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Palms on fire

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madagascarbob

(osideterry @ Oct. 23 2007,17:42)

QUOTE
Everything is bathed in a dirty orange here. Air quality terrible, probably from the Palomar fire.

Terry I shared some of your pictures on my Mini forum they really dug them ,hope you dont mind . How close is the fire to you ?

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osideterry

Thanks mb. The closest fires are the 2 on Camp Pendleton and the Fallbrook fire, but never anything coming our direction. Here's a good map.

post-662-1193323501_thumb.jpg

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MattyB

(Al in Kona @ Oct. 24 2007,15:34)

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Our prayers go out to all you in SoCal that you will be safe and the fires will now subside.  It's good news to know that almost everyone here on this forum appear to be safe and escaped damage and destruction from these fires.  

Seems there are few if any areas on this planet that escape some terrible disaster or catastrophe sometime or another.  Just in your lifetime think of all the areas you've heard about (or even experienced) where some calamity took place.  There are natural ones such as fires, hurricanes (cyclones), floods, earthquakes, tsunamis, tornadoes, mudslides, volcanic eruptions, avalanches, hailstorms, extreme blizzards, etcetera.   Then there are all those caused by man himself, too numerous to mention.  I guess what I'm trying to say is that none of us are exempt from having something terrible from happening to us sometime in our life.  We really shouldn't feel so secure that we feel it will never happen where"I live".  I guess we need only to be prudent and be psychologically ready for whatever might come our way.  So for every beautiful day I give thanks to God for my family and home, our beautiful climate, peaceful surroundings and all the palms!

Good points Al.  Not to belittle the fact that we all value our property imensly, but if you put too much value in "stuff" and the things of this world, then you will always be dissapointed someday.  The things of this world will come to pass, so build you foundation on the eternal; God & love.  Having said that, I was scarred sh!tless that I was gonna lose my house and "stuff" when I saw those flames coming towards us.  It's natural to feel that way, but a good gut check afterwards is always healthy too.  None of us are in control of any of these calamities that could happen to us.  It's just something that's a part of life here.  Good luck to all who are still in harms way, we're praying for you.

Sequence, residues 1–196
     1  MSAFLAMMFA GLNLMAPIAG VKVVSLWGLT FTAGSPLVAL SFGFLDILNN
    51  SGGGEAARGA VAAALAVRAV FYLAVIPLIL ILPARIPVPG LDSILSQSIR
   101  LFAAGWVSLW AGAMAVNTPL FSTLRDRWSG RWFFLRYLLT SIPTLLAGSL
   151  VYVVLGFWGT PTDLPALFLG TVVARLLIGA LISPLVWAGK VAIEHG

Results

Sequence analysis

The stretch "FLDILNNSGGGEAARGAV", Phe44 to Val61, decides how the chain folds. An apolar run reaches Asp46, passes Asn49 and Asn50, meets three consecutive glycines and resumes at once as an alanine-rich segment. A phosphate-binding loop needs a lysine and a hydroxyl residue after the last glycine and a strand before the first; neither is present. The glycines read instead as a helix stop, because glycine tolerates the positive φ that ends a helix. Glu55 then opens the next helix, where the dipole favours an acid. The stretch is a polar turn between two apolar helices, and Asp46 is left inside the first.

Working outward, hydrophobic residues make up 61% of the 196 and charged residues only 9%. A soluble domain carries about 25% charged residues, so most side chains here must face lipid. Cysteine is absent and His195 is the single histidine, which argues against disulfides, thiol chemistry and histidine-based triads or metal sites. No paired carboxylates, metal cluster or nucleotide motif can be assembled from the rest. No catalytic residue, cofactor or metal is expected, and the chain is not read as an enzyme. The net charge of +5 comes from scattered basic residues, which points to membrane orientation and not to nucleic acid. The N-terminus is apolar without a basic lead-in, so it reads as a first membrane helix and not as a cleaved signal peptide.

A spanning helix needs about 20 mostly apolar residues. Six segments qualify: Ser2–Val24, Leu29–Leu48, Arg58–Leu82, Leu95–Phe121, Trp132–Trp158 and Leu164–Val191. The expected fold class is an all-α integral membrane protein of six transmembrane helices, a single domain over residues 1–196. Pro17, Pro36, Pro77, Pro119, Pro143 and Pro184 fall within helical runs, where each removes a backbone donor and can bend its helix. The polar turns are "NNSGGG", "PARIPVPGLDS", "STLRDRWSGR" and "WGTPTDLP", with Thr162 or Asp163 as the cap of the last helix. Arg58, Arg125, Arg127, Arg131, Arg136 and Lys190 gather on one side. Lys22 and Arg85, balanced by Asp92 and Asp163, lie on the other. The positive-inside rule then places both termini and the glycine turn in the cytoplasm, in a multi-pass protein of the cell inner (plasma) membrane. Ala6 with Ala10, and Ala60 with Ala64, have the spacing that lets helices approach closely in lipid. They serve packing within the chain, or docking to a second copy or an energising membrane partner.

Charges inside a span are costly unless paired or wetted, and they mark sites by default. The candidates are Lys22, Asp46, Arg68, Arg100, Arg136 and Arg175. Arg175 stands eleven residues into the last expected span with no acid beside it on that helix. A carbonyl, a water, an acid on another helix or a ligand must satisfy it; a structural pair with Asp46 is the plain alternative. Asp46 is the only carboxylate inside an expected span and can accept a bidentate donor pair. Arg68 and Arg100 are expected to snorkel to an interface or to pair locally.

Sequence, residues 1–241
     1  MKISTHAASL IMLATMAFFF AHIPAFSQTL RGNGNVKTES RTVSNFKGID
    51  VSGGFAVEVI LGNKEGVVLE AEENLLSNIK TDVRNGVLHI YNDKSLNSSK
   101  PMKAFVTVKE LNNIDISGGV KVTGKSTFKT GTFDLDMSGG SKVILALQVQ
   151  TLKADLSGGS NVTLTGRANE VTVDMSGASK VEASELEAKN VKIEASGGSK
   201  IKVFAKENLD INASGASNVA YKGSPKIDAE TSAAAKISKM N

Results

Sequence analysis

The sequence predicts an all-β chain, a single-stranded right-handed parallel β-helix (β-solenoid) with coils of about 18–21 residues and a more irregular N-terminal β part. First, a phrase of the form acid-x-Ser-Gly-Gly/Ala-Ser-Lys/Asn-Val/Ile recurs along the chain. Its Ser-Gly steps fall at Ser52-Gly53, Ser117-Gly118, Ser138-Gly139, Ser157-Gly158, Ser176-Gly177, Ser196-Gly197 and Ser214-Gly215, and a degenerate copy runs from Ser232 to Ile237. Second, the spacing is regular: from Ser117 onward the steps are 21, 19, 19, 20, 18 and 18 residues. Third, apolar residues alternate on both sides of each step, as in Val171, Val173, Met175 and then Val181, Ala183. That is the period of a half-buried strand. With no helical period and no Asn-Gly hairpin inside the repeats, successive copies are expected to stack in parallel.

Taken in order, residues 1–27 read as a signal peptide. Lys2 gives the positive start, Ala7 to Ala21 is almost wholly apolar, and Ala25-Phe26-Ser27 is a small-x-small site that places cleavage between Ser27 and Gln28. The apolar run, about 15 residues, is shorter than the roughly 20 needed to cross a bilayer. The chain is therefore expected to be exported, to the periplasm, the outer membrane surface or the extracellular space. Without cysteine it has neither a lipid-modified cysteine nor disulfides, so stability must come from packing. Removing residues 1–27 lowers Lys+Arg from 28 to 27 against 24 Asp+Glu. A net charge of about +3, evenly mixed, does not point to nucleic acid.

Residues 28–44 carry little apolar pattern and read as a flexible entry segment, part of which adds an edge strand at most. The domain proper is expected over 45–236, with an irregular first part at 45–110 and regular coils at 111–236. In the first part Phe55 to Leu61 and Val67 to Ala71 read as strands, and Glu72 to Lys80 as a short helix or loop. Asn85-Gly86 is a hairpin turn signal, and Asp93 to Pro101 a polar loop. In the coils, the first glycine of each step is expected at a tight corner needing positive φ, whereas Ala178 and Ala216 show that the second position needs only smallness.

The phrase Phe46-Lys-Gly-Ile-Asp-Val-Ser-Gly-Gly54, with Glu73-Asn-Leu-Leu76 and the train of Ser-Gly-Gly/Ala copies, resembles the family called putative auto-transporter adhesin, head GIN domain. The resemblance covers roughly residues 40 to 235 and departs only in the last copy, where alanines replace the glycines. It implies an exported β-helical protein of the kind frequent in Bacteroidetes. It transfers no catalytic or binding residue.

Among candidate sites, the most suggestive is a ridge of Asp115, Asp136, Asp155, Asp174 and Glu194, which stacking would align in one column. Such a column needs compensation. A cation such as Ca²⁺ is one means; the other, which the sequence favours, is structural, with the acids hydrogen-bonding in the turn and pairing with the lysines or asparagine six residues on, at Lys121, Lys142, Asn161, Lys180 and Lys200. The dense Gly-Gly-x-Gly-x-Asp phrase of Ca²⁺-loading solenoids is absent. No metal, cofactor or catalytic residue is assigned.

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BS Man about Palms

As things start to clear up around here, I want to really thank everyone who humoured me by letting me post with abandon re: the fires.  It was kinda a therapy for me, like volunteering for relief help after a disaster.  At this point thats hard for me to do, so this was my way to help.  I guess.

Anyway, heres a pic of what I had on my deck yesterday with the closest fire still 20 miles from me.

misctvr-fire016.jpg

I know you will see much worse, but it gives you a taste.

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BS Man about Palms

I also snapped these pics on the way home yesterday, the smoke in the air gave the sun a brillant glow.

misctvr-fire019.jpg

misctvr-fire021.jpg

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happ

Tragically beautiful photos Bill  :D

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osideterry

That's a familiar view Bill. It looks like you pulled over instead of pulling a Dave.

I took this one when the earlier tonight. Kind of the flip side to the earlier one.

post-662-1193370218_thumb.jpg

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DoomsDave

Bill:

Been there, done that, back in 2003, when the fires burned then, ashes all over me and my dive . . .

dave

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madagascarbob

Terry I shared your new picture . I also Yahoo searched your name for the heck of it  I did'nt know you were so famous .This changes everything . :D

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BS Man about Palms

I was glad to notice a slight drizzle today in many areas of Southern California that will help to control these fires.  (I suspect many of you don't know that several of these fires are still less than 50% contained)

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PalmGuyWC